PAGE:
• Ford shines the light on women in the conservation sector.
• Ford Wildlife Foundation partners with organisations to provide Ranger 4x4 bakkies.
• In conversation with three women in the sector.
Ford South Africa has a long history of assisting conservation efforts in the country. For Women's Month, the carmaker spoke to three women about they are making their mark in the conservation sector.
The month of August is synonymous in South Africa with celebrating women. Ford is shining the light on females making a difference in the conservation area.
Citing a the Global Gender Gap index by the World Economic Forum, gender parity in the workforce will not be attained for 99.5 years. But in the conservation sector women are active agents of conservation and restoration and more than that, substantial evidence links gender equality and enhanced environmental outcomes.
Women are more likely to support policies with environmental efforts behind them
Similarly, studies by the United Nations demonstrate that women express more concern for the environment, support policies that are more beneficial to the environment and tend to vote for leaders who care about the environment.
In turn female political representatives are more likely to set aside protected land areas and are also more likely to ratify international environmental treaties.
But what is the picture like in South Africa? Ford spoke to three women from the Ford Wildlife Foundation about how women are making their mark in the conservation sector.
According to Yolan Friedmann CEO of the Endangered Wildlife Trust (EWT) the once male dominated sector has evolved considerably in recent years.
"The numbers have increased dramatically and at the Endangered Wildlife Trust, for one, our staff complement is slightly over 50% in favour of women. Many environmental institutions and conservation organisations these days have the same ratio. In government, we have a female Minister for the Environment, we have a female Chair of the SANParks Board and these days, when we recruit new staff, we get by far the majority of applications from well qualified and highly suitable female applicants," Friedmann explains.
Issues in the conservation sector require an integration of many factors, including social, economic, environmental, political, cultural and ecological imperatives with science and compassion and sensitivity. "Women tend to be better jugglers, in my opinion, and understand the need to balance shifting priorities," Friedmann continues.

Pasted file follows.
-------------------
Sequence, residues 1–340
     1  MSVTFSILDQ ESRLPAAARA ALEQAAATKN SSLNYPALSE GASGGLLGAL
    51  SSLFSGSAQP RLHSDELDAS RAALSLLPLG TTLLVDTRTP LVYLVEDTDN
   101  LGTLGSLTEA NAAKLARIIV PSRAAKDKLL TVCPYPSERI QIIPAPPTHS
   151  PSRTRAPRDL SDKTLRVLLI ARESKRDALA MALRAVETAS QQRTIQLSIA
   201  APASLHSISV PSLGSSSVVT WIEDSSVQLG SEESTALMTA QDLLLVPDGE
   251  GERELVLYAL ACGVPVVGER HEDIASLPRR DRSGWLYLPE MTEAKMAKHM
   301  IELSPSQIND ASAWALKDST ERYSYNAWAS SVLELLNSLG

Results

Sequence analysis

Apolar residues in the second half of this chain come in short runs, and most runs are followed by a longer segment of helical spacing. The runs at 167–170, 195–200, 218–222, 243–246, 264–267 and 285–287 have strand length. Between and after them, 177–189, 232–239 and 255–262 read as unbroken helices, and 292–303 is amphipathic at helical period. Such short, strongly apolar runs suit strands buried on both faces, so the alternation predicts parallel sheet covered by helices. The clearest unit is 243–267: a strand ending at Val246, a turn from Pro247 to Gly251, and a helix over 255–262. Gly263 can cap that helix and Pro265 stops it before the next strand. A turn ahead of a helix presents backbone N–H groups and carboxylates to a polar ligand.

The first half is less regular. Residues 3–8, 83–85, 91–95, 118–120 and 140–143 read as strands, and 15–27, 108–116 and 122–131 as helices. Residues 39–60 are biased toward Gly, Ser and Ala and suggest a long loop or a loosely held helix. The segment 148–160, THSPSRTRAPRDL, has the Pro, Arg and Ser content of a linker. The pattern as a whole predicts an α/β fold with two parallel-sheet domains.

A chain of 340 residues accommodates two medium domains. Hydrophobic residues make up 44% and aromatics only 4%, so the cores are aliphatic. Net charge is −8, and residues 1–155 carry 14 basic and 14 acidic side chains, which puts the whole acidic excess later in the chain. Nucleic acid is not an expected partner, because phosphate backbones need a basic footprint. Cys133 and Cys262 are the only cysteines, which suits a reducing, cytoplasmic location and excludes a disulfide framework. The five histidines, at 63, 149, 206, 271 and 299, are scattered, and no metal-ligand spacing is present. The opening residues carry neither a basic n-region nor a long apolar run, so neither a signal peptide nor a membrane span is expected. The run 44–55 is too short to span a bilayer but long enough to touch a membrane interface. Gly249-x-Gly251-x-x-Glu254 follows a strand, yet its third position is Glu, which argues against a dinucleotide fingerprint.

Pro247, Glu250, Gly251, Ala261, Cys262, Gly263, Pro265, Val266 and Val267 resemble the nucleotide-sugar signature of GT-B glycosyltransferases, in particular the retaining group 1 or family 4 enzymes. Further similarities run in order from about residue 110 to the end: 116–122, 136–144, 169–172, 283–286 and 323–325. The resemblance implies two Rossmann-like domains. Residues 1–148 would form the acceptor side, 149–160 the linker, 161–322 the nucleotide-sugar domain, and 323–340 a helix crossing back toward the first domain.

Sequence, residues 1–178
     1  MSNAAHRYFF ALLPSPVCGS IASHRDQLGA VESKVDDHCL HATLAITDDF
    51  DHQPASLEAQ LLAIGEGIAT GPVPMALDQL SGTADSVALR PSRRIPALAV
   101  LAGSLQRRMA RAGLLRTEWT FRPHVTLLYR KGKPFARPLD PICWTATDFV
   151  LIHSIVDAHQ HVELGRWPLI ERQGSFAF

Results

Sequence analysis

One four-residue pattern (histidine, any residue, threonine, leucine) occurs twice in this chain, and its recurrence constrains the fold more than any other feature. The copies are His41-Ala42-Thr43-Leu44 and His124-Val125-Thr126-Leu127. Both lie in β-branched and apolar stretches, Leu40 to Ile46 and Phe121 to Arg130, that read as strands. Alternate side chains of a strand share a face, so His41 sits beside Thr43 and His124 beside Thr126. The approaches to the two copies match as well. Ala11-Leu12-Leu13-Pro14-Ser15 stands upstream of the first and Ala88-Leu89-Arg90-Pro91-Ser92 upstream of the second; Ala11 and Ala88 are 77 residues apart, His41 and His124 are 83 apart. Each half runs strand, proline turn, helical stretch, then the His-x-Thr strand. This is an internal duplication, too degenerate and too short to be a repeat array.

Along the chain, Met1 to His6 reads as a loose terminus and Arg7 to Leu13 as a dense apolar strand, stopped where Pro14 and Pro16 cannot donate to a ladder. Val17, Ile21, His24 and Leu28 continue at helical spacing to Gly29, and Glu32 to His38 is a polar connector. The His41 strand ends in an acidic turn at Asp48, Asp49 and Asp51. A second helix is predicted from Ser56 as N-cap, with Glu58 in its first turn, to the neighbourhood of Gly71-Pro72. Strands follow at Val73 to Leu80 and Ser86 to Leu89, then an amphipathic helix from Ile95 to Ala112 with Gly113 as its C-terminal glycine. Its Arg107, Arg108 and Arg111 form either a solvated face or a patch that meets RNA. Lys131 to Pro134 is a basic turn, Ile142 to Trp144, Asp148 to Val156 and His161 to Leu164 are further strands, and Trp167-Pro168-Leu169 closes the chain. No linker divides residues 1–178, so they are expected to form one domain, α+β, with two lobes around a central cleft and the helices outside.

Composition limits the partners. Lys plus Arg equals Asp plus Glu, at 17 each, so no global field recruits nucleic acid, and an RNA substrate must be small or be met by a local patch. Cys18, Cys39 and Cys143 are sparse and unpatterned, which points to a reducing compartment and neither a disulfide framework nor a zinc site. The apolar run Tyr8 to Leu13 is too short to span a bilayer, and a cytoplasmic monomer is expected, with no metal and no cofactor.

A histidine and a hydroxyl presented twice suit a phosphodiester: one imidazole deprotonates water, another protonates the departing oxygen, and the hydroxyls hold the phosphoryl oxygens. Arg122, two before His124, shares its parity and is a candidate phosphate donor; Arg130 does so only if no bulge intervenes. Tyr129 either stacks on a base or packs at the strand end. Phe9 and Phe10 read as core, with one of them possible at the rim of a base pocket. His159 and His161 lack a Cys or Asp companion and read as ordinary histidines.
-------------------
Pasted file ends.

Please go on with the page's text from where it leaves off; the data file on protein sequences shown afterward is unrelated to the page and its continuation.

'Women thrive in this environment'
"We tend to be able to lead from the front as well as the back. Our sector has also required massive skills and capacity development over the past years, with the need for human development being at the core of increasing environmental awareness and action. Women have thrived in this environment which is evident by the increasing number of civil society action groups caring for the earth, in almost all neighbourhoods these days which are largely led by women."
Another conservationist is Lynda Du Plessis who works with 25 different Ford Wildlife Foundation (FWF) projects spread throughout the country agrees that women are well represented in the field.
"I am extremely proud of the contribution that Ford is making through the FWF, it has been an extremely rewarding experience for me personally. I have met some truly extraordinary women over the years, some working in positions I did not even know existed," Du Plessis said.
"Around half of our Ford Rangers used by the FWF projects are driven by women," she continues.
The outdated view that field workers are regularly faced with staid, traditional and cultural views of what women are capable of in this field of work. Odette Curtis-Scott of the Overberg Renosterveld Conservation Trust (ORCT) knows first-hand the realities of gender stereotypes in the work place.
"It is definitely not as much of an issue as it was historically, but certainly it is there. Particularly in the farming community – it can be challenging, in a sector dominated by men to show that I know what I am talking about and that what I have to say is important and needs to be heard," Curtis-Scott said.
Established in 2014, the Ford Wildlife Foundation (FWF) partners with conservation projects in Southern Africa by providing Ranger Double Cab 4x4s to organisations to assist with the effective implementation of their environmental education, research, and conservation initiatives.
There are currently 25 projects across the region to ensure the sustainability of threatened and endangered animals, plant species and habitats.
Ford says they are wholly committed to providing support to a sector that's blazing a trail in relation to closing the gender gap, particularly in South Africa. There is certainly still more to be done to transform the conservation sector however the women of FWF serve as an inspiration to others.